Dr. Jimmy Elder is the longtime pastor of the First Baptist Church in Columbus, Ga.

I am at the desk in my office, surrounded by pictures of my family.

To my right is a photo of Roxann, J.C. and me in our first family picture. He is so tiny, and we were so young. It is a portrait of the family that I had dreamed of having. We were so proud to have J.C. in our lives.

Also on my right is a picture of J.C. when he was just a few months old, when we took him to visit St. Simons Island. This is the picture of our son when he first felt sand and put his toes in the ocean.

He loved it.

I can tell you that I spent a great deal of time wondering what life would hold for him, and I wondered what his favorite things in life would be. That photo reminds me how, in that moment, everything lay in potential, ready to be formed and experienced.

To my left is a picture of J.C. at 5 years old with his new little brother, John Christopher. There is such joy in their eyes. I hoped it would be the beginning of a wonderful relationship between brothers — and it has been. Also to my left and up a bit is a photo of one of the boys in his first Easter outfit, made by Roxann with a cute little bear cross-stitched on the front.

Then I look above that picture to see J.C. and his wife Kat, with Roxann and John Christopher at Flat Rock Park in a photo they had made for me for a Father’s Day.

I look to my right and up a bit to see a picture of our first grandchild, Ava. I look in other places and see all here grandchildren. The nostalgic moments could go on and on. But this experience reminded me of what ie means to be family and of how precious these memories are.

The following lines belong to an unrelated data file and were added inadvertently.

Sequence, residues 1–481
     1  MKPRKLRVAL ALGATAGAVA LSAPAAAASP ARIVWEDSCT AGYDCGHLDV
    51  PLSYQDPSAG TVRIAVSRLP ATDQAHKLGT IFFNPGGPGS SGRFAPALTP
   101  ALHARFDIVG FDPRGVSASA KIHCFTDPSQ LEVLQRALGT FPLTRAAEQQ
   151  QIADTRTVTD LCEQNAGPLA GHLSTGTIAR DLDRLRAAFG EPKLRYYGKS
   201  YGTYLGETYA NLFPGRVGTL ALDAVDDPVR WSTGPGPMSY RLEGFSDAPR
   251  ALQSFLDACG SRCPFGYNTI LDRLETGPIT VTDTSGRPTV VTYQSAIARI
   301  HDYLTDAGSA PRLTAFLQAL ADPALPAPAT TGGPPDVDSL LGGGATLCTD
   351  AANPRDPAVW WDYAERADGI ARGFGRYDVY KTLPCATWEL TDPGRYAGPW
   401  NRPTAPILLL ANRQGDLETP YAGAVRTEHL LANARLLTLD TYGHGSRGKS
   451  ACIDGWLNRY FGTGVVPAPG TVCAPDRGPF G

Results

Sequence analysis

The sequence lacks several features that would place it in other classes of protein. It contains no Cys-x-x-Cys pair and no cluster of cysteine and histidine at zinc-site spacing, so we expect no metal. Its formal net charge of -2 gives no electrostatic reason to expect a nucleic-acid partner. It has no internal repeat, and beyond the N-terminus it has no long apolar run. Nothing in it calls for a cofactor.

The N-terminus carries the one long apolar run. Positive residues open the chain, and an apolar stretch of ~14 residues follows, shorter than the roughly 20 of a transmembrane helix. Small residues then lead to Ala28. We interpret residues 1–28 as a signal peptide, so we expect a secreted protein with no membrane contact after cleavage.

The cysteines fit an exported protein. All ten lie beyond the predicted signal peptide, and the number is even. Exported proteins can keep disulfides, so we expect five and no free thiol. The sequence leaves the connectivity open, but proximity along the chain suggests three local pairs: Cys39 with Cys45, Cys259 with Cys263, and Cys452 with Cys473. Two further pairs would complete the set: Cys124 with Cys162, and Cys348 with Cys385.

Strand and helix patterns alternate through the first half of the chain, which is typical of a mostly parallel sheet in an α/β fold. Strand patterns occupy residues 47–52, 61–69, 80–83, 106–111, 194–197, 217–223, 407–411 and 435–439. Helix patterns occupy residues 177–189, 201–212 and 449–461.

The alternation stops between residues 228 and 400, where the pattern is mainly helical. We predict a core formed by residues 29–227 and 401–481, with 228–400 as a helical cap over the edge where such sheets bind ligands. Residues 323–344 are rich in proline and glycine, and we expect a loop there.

I see a picture of my parents in the study and remember the lessons they taught me. I learned so much about being a Dad from my Dad.

We surround ourselves with things that remind us of the really neat gift of being family. We do not have to have pictures for the memories, but they give us a visual to the images in our minds.

I look at the pictures, and am homesick to speak to the children and grandchildren. Sometimes I just pick up the telephone and call and I look forward to the times when I have an opportunity to be with them.

As I am filled with these memories at this time of the year, I find myself missing Bigdaddy and Dad. I am filled with memories of the parenting of which I was a part. I am amazed that although being dad really does not come with a manual, it does come with guidance through home experiences, observations of others and the blessing of my faith.

I think about how the Bible has shaped my idea of parenting. I realize that much of being a dad is through trial and error. I am astounded at the things I got right and frustrated with the things I know I did wrong.

I know that if I had a chance to do it over again, I would change some things, rearrange some priorities, loosen up a bit and dive deeper into the experiences. I would be more engaged in some ways and less engaged in others.

All in all, however, I celebrate the gift God has given me in allowing me to be the dad of a couple of wonderful young me who constantly make me proud and humble. I have been deeply blessed to have a wife who is so wise, intuitive and imaginative — one who keeps things on track.

I am overwhelmed by the love of my family. In a word, being a dad has been a wonderful journey for which I am grateful to God. Father’s Day, to me, is not so much a celebration of my being a dad as it is a humble reminder that God has allowed me to stand in a role that I could not possibly fill without His help, love and wisdom.

I am a blessed man.

Those of you reading this who are parents are blessed as well. God bless our Fathers, and God never allow us to take for granted the privilege and responsibility of being parents.

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